But this was not to be. The civil war started and Boro gladly became a major in the Nigerian Army. During the period leading to the Nigeria/Biafra civil War, Isaac Adaka Jasper Boro had informed and warned the Eastern Region Governor, Odimegwu Ojukwu that the Ijaws will not be a part of the Biafran Secessionist Movement. On declaration of the BIAFRAN Republic (With the Niger Delta Occupied), Adaka Boro was made Commander of 19th Brigade under Col Benjamin Adekunle (Of Blessed memory) who as at that time was the GOC 3rd Div. Boro led the Military under him, mostly Ijaws from the Niger Delta Volunteer Services (DVS) to clear the Niger Delta of Biafran Rebels, Which he successfully did within a record short period.

He was killed on April 20, 1968, near Port Harcourt and that muted the radical voice of the Ijaw Nation. The circumstance surrounding Boro's death is still not clear, Opinions was divided as to the Conspirators. While some alleged that Col. Benjamin Adekunle had a hand, however Roy Tomo-Spiff, who was among Boro's Force that fought against the Biafran Rebels at that time disputes it, claims Boro was ambushed by fleeing BIAFRAN Forces.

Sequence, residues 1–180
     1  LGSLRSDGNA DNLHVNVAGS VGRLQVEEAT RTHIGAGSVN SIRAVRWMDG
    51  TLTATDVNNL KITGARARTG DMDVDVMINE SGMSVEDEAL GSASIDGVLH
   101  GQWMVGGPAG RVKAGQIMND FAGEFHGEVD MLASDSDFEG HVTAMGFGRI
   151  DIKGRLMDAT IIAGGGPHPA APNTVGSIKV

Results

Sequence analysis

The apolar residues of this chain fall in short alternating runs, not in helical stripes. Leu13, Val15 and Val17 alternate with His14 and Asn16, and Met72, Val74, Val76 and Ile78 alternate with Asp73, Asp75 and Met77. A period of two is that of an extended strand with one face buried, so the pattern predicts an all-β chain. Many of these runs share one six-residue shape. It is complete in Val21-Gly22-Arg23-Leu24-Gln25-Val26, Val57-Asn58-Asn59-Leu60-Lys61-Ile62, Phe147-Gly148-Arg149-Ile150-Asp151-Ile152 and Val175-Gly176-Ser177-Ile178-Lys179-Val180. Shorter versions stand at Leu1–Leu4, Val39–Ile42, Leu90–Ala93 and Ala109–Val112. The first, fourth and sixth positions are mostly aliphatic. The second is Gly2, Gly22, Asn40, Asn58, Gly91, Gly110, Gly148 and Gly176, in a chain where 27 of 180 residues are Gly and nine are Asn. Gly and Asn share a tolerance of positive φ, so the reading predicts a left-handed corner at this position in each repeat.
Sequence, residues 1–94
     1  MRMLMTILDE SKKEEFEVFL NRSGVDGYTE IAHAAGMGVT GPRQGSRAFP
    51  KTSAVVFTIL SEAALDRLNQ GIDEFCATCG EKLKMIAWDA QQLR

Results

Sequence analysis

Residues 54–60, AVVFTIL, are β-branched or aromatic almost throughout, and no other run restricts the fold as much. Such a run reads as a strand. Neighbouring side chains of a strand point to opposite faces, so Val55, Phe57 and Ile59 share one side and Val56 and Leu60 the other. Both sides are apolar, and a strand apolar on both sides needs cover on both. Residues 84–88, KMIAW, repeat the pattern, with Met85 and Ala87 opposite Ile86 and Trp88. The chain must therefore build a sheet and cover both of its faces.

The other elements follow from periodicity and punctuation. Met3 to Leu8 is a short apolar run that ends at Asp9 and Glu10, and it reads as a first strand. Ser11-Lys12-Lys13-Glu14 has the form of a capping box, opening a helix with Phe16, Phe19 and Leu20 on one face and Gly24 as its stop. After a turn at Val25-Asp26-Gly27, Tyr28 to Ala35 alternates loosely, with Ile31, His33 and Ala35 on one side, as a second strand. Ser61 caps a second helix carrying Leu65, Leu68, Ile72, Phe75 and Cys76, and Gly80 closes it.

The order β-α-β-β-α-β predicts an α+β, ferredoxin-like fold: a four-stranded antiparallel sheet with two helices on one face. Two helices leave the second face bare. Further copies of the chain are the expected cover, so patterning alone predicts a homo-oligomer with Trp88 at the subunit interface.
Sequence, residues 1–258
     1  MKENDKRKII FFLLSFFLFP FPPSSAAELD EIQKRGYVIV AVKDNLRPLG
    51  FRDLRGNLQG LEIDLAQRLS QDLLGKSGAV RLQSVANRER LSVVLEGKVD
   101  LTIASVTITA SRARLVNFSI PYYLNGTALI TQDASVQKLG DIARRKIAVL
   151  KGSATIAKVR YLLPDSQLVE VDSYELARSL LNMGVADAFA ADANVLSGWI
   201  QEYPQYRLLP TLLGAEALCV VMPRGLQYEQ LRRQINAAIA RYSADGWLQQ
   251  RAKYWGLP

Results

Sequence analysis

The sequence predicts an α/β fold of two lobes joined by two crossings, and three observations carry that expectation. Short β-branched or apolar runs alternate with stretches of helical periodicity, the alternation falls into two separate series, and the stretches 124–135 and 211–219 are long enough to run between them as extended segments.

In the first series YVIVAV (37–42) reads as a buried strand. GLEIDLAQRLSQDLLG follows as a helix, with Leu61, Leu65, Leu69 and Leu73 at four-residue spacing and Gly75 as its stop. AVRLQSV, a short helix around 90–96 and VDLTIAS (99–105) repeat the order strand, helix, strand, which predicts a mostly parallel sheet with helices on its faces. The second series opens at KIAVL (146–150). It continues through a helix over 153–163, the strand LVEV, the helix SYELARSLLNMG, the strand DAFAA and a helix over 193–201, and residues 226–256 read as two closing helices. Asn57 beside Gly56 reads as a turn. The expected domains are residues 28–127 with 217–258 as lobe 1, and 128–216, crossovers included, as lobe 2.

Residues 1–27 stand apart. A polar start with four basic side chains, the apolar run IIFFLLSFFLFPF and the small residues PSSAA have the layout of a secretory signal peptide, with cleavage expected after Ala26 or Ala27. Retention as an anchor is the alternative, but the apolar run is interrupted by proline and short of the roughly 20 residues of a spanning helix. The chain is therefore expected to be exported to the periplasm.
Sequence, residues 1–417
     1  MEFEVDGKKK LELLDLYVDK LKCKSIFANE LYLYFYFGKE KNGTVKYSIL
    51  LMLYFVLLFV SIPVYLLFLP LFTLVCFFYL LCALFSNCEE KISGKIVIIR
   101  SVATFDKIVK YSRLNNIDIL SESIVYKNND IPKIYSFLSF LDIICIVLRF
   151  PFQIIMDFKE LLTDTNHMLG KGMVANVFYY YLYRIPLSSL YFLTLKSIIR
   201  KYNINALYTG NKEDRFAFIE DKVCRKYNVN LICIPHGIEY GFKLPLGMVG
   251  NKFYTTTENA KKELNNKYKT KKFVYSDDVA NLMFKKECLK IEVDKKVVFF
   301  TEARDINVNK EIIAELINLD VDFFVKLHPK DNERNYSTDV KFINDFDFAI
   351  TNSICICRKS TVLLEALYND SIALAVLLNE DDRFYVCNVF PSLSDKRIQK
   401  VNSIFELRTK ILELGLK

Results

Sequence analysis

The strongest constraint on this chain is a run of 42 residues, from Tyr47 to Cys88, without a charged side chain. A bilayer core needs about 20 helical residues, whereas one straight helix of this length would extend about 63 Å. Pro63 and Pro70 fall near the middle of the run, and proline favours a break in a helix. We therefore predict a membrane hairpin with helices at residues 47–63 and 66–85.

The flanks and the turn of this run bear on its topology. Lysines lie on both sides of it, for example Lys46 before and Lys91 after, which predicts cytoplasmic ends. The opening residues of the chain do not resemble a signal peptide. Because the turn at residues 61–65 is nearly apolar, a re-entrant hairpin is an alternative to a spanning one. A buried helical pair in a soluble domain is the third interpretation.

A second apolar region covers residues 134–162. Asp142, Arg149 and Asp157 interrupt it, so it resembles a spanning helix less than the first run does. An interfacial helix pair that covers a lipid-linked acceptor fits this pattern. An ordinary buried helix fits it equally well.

When stories are recounted about Nigeria and how the General Ojukwu’s declaration of the Republic of Biafra which led to the 18 months civil war on grounds of deprivation and marginalization of the eastern region, not much is said about the declaration of the first Republic within Nigeria called the “Niger Delta Republic” which also premised on deprivation, alienation and marginalization of Ijaw people. Rather the new agitator, Grand Commander Nnamdi Kanu and cohorts are trying every means possible to cajole the Niger Delta People into another antics for advance colonist theory, the labor of our heroes past shall never be in vain.

 By Hart RexLawson Atemie

Disclaimer: The views and opinions expressed in this article are those of the authors and do not
necessarily reflect the official policy or position of
Assumptions made within the article are not reflective of the position of